UK Government Admits That It Has No Evidence (Zip, Zilch, Zero) To Support Its Claims For Draconian Copyright Law
from the faith-based-policy-making dept
One of our biggest issues with the constant beating of the drum to extend and expand copyright law, is how much of the policy making is totally faith-based. We always go back to the famous speech by Thomas Macaulay in 1841, in which he declared (among other things):
The principle of copyright is this. It is a tax on readers for the purpose of giving a bounty to writers. The tax is an exceedingly bad one; it is a tax on one of the most innocent and most salutary of human pleasures; and never let us forget, that a tax on innocent pleasures is a premium on vicious pleasures. I admit, however, the necessity of giving a bounty to genius and learning. In order to give such a bounty, I willingly submit even to this severe and burdensome tax. Nay, I am ready to increase the tax, if it can be shown that by so doing I should proportionally increase the bounty. My complaint is, that my honorable and learned friend doubles, triples, quadruples, the tax, and makes scarcely any perceptible addition to the bounty.
There is, these days, in the minds of certain policy makers that copyright must be good and more copyright must be better. That the actual evidence suggests otherwise is ignored. Evidence is not even sought. Instead, they take on faith the claims of the legacy entertainment gatekeepers that they need such extensions and expansions. This is why we were so happy to see the Hargreaves report in the UK repeatedly bang home the idea that copyright policy must be evidence based. And while the government claimed that it was effectively supporting the recommendations of the Hargreaves report, it appears that they still have a bit of a blindspot for needing evidence.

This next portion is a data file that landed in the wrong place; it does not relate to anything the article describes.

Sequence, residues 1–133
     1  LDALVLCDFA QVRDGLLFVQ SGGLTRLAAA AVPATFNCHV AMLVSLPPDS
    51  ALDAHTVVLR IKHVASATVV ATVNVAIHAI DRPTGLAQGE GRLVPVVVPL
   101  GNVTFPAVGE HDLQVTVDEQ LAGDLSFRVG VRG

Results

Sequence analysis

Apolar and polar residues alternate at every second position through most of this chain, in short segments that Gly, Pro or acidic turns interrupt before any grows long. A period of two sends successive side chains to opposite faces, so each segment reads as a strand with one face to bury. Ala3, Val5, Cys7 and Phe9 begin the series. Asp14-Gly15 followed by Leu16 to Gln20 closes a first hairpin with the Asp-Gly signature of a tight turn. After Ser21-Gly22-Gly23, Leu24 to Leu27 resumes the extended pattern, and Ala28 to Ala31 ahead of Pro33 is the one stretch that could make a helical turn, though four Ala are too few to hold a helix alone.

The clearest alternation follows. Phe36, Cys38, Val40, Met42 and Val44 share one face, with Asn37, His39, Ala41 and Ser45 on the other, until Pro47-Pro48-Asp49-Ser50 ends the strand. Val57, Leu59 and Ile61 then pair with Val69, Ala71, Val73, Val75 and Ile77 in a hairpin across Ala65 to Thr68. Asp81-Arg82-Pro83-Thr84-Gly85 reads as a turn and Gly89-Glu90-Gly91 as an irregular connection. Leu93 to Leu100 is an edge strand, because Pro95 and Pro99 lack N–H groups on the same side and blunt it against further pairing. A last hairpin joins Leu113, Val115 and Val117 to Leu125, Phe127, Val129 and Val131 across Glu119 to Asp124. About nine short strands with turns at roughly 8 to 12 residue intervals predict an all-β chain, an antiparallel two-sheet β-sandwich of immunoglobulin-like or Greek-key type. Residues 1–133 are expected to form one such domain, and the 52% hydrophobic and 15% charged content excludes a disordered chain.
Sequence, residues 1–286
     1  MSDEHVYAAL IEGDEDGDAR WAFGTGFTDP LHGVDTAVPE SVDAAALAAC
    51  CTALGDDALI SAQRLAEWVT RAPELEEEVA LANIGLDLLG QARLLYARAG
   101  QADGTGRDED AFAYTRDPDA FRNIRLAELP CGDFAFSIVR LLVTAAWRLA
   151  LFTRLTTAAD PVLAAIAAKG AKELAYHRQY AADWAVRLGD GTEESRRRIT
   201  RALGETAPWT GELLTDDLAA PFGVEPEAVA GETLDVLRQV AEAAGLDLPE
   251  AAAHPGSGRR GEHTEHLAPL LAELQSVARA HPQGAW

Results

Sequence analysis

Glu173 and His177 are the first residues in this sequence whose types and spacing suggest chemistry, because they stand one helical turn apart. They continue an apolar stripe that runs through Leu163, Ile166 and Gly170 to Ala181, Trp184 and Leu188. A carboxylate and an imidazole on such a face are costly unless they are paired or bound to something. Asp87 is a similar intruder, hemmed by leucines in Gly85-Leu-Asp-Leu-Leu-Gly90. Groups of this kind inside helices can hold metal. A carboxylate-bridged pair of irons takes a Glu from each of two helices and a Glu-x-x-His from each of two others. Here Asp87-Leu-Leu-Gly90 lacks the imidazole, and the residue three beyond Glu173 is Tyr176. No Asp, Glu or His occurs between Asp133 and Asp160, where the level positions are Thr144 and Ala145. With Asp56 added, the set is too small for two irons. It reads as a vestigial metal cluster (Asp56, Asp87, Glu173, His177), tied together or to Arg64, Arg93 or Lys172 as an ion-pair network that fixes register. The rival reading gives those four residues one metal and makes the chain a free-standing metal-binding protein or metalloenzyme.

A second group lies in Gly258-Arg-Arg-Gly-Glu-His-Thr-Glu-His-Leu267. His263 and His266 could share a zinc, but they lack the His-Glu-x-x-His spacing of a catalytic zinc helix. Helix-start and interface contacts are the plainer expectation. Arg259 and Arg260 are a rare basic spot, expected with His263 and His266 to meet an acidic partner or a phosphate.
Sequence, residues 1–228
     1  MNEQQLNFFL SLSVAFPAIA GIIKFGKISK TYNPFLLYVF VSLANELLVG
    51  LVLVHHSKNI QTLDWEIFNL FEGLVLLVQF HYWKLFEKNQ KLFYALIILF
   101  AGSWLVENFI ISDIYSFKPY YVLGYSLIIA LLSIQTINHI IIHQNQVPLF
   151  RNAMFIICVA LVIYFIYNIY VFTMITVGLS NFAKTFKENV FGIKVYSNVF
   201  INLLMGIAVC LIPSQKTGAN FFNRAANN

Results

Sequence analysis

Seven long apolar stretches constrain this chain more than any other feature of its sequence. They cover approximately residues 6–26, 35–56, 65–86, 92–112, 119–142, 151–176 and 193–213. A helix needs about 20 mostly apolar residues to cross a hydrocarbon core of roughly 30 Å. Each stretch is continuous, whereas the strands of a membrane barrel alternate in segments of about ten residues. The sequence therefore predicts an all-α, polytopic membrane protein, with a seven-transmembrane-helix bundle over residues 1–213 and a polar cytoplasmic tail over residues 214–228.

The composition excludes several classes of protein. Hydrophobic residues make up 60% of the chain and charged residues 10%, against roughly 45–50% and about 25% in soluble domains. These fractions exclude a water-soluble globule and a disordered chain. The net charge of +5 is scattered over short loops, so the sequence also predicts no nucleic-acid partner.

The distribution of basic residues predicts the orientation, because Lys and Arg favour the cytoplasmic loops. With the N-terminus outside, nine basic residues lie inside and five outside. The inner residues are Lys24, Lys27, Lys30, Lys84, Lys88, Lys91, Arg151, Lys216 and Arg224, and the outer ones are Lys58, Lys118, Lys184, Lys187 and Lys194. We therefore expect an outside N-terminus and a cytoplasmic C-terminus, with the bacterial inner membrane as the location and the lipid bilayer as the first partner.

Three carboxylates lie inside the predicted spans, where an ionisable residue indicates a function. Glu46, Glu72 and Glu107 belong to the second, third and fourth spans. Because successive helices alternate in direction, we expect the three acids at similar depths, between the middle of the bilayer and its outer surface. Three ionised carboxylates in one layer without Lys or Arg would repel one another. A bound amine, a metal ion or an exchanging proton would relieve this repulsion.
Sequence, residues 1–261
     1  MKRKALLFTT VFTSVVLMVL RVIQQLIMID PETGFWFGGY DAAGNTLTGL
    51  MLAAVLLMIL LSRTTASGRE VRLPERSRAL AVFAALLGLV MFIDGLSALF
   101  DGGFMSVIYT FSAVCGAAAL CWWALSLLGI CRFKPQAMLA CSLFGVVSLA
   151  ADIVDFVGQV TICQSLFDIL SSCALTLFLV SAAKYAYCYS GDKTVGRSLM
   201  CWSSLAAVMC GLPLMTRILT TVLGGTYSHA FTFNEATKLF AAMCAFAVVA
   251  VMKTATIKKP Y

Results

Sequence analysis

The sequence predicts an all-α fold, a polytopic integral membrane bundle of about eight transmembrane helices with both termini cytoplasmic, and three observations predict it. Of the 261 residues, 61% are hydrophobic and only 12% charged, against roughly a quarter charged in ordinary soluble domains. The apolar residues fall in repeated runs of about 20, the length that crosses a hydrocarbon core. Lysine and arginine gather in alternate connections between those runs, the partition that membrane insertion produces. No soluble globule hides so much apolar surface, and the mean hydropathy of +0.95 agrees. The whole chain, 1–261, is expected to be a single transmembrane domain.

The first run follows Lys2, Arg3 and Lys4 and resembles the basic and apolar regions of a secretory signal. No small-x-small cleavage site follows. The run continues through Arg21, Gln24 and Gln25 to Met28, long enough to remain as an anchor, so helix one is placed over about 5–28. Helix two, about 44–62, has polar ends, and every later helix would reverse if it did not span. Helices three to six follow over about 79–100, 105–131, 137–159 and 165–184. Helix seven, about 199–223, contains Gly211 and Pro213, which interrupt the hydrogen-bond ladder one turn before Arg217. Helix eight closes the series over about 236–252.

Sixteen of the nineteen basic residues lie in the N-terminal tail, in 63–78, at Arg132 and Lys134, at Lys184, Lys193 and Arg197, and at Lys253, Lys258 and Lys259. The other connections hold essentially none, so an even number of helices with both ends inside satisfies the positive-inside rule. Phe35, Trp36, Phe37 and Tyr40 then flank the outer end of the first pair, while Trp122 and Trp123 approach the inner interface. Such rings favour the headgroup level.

The folks at the Open Rights Group filed a Freedom of Information Act request for what evidence the government was using concerning the “scale and nature of infringement of copyright by websites and on the efficacy of different strategies for dealing with it.” The response? They had no evidence:
I have dealt with your request under the Freedom of Information Act 2000. After a thorough check of the Department?s records, I can confirm that we do not hold the information you are requesting.
Instead, the government just repeated the same faith-based talking points:
The creative industries are an important part of the UK?s economy, and they regularly report copyright infringement as a serious problem.
Is it really so difficult for the government to provide any evidence other than “these few companies claim it’s a problem”?